Return all of the Plaintiff's Statement forms to the Small Claims Court clerk. Ask the clerk to schedule the same court date and time for all claims. Bring a self addressed, stamped envelope for each claim. You should receive the service copies with the court date in approximately one week. To determine the cost to file a claim in Small Claims Court, refer to the fee schedule here.
When the forms are complete, a copy must be served on the person, people, or corporation you are suing. This is called "service of process." It is important to know the paperwork which must be completed for proper service, so speak with an Small Claims Court advisor for details. For a small fee, the Small Claims Court will mail your summons to the property owner by certified mail, but personal service is recommended. Someone not involved in your suit can serve the property owner, or you can hire a process server.
GETTING READY FOR COURT
Ask your Small Claims Court advisor for help in subpoenaing a specific police officer if you believe it is important to your case. This may cost over $150 to defray the cost to the department. You can also subpoena a copy of a police report that may corroborate the activity shown in your activity log. You will need dates and times of the reports but a report number would be ideal. The Small Claims Court advisor can help you draft a subpoena that asks for incident reports taken on specific dates regarding specific addresses. Other records and reports from the Fire Department, Health Department and Code Enforcement may be helpful to show other violations.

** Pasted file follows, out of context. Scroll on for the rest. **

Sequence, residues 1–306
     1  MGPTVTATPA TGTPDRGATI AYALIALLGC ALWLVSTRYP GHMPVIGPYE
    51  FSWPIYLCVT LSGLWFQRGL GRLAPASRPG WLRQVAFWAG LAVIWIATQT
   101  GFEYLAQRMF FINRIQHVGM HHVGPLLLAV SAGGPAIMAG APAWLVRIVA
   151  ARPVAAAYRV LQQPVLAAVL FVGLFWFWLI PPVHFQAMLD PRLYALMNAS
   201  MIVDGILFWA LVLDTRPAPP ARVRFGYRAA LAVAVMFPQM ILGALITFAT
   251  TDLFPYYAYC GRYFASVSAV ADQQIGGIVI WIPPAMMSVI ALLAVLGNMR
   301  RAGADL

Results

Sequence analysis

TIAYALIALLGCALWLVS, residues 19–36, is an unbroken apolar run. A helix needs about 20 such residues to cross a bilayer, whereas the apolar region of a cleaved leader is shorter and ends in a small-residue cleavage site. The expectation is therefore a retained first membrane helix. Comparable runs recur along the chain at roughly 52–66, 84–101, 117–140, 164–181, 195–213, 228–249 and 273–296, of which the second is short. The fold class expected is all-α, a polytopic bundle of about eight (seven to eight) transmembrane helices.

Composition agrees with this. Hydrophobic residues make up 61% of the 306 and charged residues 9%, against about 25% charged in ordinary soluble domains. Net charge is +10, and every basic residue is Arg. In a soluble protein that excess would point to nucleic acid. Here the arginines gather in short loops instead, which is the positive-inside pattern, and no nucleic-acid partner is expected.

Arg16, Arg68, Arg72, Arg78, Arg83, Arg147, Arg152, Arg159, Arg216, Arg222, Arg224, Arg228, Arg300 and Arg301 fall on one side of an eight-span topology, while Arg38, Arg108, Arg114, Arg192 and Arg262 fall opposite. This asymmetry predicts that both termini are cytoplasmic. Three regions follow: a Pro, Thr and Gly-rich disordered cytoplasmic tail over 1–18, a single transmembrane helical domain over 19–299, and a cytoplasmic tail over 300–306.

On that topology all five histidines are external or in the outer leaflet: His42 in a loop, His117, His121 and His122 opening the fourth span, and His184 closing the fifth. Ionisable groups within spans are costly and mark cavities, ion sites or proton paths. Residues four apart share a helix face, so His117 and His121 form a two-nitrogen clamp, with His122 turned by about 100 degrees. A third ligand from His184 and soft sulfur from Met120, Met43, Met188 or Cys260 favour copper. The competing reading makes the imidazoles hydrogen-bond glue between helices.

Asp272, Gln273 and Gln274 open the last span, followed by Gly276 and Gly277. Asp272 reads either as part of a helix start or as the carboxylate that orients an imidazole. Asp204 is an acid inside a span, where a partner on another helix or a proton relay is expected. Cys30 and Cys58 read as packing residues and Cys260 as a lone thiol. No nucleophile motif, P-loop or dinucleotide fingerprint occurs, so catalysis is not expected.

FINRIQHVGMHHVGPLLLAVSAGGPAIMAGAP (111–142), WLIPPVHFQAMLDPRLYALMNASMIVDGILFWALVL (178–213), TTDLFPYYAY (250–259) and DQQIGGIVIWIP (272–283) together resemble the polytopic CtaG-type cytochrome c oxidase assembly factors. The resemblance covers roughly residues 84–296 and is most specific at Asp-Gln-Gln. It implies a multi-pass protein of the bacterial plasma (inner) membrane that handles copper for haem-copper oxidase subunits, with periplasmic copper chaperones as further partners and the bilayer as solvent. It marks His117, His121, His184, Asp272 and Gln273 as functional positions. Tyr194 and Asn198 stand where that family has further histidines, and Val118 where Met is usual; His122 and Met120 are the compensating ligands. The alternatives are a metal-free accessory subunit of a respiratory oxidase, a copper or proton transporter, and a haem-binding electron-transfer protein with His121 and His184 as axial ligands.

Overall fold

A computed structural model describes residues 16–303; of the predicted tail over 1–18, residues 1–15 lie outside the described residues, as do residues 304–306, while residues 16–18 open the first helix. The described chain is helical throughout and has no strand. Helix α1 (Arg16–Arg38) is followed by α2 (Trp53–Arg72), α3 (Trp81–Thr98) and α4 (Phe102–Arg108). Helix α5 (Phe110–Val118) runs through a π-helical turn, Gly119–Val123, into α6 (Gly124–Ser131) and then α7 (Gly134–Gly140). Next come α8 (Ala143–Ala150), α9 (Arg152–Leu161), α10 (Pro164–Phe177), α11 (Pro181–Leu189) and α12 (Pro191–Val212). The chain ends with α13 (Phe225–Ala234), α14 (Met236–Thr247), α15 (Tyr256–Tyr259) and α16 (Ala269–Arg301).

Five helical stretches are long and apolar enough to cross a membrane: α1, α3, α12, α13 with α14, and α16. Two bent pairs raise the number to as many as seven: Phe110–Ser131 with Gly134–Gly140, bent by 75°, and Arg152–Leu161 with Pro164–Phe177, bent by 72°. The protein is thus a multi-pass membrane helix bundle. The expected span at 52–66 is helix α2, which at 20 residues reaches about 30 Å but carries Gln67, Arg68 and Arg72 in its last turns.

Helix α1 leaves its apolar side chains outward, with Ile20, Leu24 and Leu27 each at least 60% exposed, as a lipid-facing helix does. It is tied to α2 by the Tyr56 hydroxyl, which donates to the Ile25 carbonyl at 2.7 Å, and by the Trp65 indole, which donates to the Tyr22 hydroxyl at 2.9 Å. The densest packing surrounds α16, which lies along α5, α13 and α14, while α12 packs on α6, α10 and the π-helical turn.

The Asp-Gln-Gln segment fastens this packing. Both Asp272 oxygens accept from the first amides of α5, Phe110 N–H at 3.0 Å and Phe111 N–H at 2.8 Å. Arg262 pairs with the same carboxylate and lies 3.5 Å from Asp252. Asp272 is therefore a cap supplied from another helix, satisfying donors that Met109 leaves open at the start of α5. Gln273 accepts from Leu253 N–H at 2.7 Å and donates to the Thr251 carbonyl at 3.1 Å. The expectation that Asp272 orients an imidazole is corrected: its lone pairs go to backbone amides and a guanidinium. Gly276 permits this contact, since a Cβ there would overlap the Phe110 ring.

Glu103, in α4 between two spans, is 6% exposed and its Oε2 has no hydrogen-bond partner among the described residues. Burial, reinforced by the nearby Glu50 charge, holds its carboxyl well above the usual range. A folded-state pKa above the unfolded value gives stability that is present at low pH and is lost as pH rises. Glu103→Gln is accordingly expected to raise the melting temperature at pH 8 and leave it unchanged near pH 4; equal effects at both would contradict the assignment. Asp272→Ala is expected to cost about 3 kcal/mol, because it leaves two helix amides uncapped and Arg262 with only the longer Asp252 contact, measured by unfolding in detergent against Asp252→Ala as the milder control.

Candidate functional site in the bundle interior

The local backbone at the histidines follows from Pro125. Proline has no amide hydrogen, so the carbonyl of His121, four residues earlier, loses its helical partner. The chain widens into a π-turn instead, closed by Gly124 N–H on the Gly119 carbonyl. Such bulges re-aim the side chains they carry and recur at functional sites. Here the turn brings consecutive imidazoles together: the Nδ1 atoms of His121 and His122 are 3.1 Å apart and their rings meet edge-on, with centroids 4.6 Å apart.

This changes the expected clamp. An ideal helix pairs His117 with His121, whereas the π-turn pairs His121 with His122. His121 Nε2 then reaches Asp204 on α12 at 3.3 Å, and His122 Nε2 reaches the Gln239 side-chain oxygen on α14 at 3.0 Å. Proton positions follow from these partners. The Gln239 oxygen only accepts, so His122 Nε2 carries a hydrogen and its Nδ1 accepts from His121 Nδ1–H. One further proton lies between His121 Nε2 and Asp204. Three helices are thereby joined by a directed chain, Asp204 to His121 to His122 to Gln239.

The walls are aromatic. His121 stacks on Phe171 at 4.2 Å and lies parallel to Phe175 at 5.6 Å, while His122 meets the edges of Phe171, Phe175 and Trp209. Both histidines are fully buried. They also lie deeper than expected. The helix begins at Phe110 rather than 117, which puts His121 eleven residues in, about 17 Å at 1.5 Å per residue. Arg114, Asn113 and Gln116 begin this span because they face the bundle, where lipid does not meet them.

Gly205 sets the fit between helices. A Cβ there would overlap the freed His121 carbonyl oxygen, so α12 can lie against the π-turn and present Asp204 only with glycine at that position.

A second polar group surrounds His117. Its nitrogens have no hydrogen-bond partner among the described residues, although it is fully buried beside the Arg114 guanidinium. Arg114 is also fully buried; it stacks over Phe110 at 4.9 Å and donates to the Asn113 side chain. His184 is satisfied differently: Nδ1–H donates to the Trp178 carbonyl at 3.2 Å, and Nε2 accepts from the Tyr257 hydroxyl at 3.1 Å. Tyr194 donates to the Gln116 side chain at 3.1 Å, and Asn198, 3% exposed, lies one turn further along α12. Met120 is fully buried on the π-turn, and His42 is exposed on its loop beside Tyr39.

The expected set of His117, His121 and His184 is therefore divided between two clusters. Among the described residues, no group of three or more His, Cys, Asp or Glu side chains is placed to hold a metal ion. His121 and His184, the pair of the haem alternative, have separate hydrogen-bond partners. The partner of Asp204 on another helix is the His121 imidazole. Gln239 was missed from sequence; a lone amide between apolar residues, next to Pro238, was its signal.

Organize your records. Each person should have a separate file to give the Judge. Be sure to keep a copy for yourself. Include in this file your activity log book, all correspondence to the property owner and city officials, and any other reports regarding health or safety code violations that are relevant to the case.
Prepare a personal statement detailing the emotional and mental distress that the defendant caused you. Be prepared to prove your individual monetary damages to the court.
Have a meeting with all people involved in the lawsuit and discuss how you will present your case to the Judge. Make a list of questions that you would like to ask the property owner and any witnesses that you have subpoenaed. Always contact your witnesses first. A hostile witness to a Small Claims Court action may be unproductive.